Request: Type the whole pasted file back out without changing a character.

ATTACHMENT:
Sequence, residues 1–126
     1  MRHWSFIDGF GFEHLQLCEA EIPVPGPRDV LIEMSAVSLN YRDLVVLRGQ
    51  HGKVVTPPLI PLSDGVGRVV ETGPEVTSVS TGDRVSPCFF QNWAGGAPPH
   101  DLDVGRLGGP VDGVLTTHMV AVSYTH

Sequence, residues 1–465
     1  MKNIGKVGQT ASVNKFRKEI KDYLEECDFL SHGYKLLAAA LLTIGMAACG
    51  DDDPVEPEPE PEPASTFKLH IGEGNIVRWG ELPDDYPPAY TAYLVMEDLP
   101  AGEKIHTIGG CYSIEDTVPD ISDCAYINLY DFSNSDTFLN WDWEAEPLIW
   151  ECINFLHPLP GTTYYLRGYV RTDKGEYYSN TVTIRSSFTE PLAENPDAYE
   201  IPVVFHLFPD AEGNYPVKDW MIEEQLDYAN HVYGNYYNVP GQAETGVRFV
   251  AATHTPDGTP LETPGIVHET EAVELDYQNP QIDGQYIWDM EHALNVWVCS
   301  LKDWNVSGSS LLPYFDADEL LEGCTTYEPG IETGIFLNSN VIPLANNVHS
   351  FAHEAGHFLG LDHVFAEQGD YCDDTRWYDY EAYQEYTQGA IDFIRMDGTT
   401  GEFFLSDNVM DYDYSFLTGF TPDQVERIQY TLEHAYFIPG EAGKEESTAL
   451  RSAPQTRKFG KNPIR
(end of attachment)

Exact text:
Sequence, residues 1–126
     1  MRHWSFIDGF GFEHLQLCEA EIPVPGPRDV LIEMSAVSLN YRDLVVLRGQ
    51  HGKVVTPPLI PLSDGVGRVV ETGPEVTSVS TGDRVSPCFF QNWAGGAPPH
   101  DLDVGRLGGP VDGVLTTHMV AVSYTH

Sequence, residues 1–465
     1  MKNIGKVGQT ASVNKFRKEI KDYLEECDFL SHGYKLLAAA LLTIGMAACG
    51  DDDPVEPEPE PEPASTFKLH IGEGNIVRWG ELPDDYPPAY TAYLVMEDLP
   101  AGEKIHTIGG CYSIEDTVPD ISDCAYINLY DFSNSDTFLN WDWEAEPLIW
   151  ECINFLHPLP GTTYYLRGYV RTDKGEYYSN TVTIRSSFTE PLAENPDAYE
   201  IPVVFHLFPD AEGNYPVKDW MIEEQLDYAN HVYGNYYNVP GQAETGVRFV
   251  AATHTPDGTP LETPGIVHET EAVELDYQNP QIDGQYIWDM EHALNVWVCS
   301  LKDWNVSGSS LLPYFDADEL LEGCTTYEPG IETGIFLNSN VIPLANNVHS
   351  FAHEAGHFLG LDHVFAEQGD YCDDTRWYDY EAYQEYTQGA IDFIRMDGTT
   401  GEFFLSDNVM DYDYSFLTGF TPDQVERIQY TLEHAYFIPG EAGKEESTAL
   451  RSAPQTRKFG KNPIR